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To feel like actually, health care isn't really free at the point of service?

(57 Posts)
RevoltingPeasant Fri 03-May-13 17:05:01

Would honestly appreciate thoughts on whether I am being precious/ demanding here, but..........

Today I went to a physio appointment. Private physio letting out rooms in an NHS GP practice. The GP practice is closed for a couple of hours or something, and he uses their rooms.

Sitting in the waiting room, I noticed these two posters next to each other:

'On a low income and need help with healthcare costs? Eye care, prescriptions (etc, it went on)'

Then an ad for the private physio I was seeing.

I'm seeing a private physio as I have no hope of getting one on the NHS and it helps me keep active (tendon injuries). I pay for private eye care, and obviously even NHS dentists charge. The posters made me think about how much most people can't get on the NHS 'free'.

I wish it weren't this way, but AIBU to think that actually, except for hospital admissions (which are a big thing of course!) much of the time it is really not true to say that healthcare is free at point of service?

Xiaoxiong Fri 03-May-13 17:13:34

Having lived in the US where it really isn't free at the point of care and you have to save up enough cash for the copay to see the doctor to get a prescription for the pill which you then also pay for in full in cash, YABU.

When you say you have no hope of seeing a physio so you have to go private do you mean the wait is very long, or that the GP won't refer you?

HorryIsUpduffed Fri 03-May-13 17:15:35

I see your point, but the finite pot does mean a line has to be drawn between life saving needs that must be met immediately, such as paediatric intensive care, and life improving treatments such as physio which can wait until mañana hmm

I had to go private a few years ago to get a problem dealt with. The NHS would have stepped in eventually, but it was better to get the tumour removed before it caused life-threatening internal bleeding. Although that annoys me, I know that the diagnostic tests used to work out what was wrong were very expensive (thank goodness for work BUPA) and still might have shown nothing, so I do understand.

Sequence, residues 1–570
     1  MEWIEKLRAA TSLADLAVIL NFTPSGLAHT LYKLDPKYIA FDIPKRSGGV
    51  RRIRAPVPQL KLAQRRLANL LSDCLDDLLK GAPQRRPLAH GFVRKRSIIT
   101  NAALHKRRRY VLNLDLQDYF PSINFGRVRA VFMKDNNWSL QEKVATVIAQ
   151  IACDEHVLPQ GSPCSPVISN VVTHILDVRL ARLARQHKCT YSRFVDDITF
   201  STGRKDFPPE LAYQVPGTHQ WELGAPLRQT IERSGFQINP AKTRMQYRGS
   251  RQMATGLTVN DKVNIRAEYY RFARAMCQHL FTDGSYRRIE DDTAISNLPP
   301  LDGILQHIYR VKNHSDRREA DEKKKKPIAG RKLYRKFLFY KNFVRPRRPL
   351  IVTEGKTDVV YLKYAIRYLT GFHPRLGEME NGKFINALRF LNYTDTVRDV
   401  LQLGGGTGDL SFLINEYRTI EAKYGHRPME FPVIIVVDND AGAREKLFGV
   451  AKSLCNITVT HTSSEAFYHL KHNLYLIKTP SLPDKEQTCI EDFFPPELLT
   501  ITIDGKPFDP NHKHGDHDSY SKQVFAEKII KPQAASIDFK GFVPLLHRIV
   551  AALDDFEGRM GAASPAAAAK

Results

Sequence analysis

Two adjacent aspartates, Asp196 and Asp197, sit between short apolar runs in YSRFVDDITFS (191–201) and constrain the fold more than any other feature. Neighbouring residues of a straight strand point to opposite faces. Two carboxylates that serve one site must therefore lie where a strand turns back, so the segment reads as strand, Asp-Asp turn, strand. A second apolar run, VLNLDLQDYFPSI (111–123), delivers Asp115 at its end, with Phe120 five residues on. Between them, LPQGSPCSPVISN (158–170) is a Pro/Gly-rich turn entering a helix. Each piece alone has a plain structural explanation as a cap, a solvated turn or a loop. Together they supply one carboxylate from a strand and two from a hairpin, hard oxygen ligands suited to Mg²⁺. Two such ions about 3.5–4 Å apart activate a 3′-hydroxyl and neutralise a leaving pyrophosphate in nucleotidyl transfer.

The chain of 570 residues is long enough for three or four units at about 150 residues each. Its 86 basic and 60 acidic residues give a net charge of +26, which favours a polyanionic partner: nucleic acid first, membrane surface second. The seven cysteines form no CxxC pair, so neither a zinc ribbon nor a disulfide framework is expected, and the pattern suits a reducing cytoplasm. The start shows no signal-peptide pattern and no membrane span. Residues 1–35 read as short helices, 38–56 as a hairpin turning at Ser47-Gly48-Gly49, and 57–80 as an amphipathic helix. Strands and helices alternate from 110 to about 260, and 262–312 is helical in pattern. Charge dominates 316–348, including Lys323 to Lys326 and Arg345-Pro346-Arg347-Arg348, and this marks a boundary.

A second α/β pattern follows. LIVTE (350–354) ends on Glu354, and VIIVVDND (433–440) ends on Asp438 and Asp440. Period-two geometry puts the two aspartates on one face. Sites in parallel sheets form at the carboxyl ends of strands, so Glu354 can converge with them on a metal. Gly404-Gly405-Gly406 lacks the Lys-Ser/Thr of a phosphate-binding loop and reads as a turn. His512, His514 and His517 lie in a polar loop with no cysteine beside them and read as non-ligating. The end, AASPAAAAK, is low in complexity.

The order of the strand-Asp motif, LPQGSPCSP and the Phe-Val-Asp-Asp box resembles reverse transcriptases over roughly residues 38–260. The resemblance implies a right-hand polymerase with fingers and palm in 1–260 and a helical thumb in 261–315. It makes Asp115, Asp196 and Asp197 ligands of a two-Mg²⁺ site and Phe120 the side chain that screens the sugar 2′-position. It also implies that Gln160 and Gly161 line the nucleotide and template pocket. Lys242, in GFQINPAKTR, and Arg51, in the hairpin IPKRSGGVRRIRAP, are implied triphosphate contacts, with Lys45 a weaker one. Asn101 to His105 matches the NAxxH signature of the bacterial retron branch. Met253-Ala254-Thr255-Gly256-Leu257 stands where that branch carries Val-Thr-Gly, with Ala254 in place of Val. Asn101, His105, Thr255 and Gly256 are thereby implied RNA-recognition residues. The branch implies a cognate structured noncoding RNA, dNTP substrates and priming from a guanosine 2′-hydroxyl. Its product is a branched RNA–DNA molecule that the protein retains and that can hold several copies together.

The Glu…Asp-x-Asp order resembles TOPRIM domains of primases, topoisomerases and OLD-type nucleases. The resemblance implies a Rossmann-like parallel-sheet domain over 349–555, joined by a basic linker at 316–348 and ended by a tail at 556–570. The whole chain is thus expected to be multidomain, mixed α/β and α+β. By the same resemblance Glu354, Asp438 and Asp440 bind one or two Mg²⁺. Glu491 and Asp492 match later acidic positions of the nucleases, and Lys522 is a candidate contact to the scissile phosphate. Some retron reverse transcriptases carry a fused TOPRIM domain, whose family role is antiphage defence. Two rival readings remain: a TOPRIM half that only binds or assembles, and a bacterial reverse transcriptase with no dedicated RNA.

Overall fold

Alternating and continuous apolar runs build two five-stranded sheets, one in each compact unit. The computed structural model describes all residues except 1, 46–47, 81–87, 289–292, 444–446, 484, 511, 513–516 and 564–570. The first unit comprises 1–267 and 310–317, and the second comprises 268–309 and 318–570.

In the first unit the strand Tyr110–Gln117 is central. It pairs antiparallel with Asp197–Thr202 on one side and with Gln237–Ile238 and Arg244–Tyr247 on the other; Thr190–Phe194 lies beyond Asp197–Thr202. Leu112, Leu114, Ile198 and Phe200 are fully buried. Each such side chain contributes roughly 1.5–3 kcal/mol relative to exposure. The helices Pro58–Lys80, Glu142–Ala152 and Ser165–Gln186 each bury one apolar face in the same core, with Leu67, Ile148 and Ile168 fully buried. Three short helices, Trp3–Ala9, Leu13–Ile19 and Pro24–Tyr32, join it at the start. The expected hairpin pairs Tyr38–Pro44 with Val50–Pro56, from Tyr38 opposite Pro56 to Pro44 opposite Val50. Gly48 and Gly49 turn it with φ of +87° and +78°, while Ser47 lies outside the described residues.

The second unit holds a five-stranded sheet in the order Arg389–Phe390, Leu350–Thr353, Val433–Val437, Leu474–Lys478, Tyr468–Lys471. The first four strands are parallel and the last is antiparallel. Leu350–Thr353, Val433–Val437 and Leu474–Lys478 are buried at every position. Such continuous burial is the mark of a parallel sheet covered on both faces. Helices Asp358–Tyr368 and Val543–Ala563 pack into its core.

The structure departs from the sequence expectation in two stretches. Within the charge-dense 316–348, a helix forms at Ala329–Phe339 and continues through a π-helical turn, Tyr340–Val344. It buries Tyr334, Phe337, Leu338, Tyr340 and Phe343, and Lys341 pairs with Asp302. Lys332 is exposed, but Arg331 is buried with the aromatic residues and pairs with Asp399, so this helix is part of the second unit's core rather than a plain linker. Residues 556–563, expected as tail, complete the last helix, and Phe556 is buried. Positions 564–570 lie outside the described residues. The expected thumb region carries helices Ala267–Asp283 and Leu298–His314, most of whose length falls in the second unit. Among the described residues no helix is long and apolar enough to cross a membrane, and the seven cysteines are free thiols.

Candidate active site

More concerning IMHO are the immediate costs such as transport, parking, lost earnings, or prescription charges incurred by patients in order to access healthcare.

SilverOldie Fri 03-May-13 17:16:52

Healthcare is free unless you choose to see someone privately as you are doing. It's your choice to do so.

RevoltingPeasant Fri 03-May-13 17:19:13

Horry oh yeah, don't get me wrong. I pay happily (well, not happily, but you know what I mean!) for my physio. It enables me to cycle and swim and run. I think these things are really worth doing for my health, but yeah, it's not like oncology!

Of course I do not begrudge others lifesaving treatment, that is not my point at all.

My point is, people always say 'but the NHS is free' whenever it's criticised. But it just occurred that especially if you do not have stacks of cash, actually a lot of pretty routine healthcare is not free.

CloudsAndTrees Fri 03-May-13 17:20:18

The NHS is free at the point of service, there's a lot more they could charge for. You can get physio and eye care on the NHS but they understandably have to draw a line with physio somewhere.

In my experience eye care on the NHS is appalling, if they charged for what they provide they may as well mug you in your sleep.

RevoltingPeasant Fri 03-May-13 17:20:52

Silver but e.g., my eye prescriptions are not free. Without glasses/ contacts, I could not drive, work or do anything safely. So it's not much of a choice!

With my physio, last year I had v v bad tendonitis. I limped noticeably when I walked. I paid for a physio privately to sort that out, but I felt that was more a necessity than a luxury, being in pain at every step.

RevoltingPeasant Fri 03-May-13 17:26:20

But Clouds some things like dentistry aren't. IMO that's a pretty basic health need.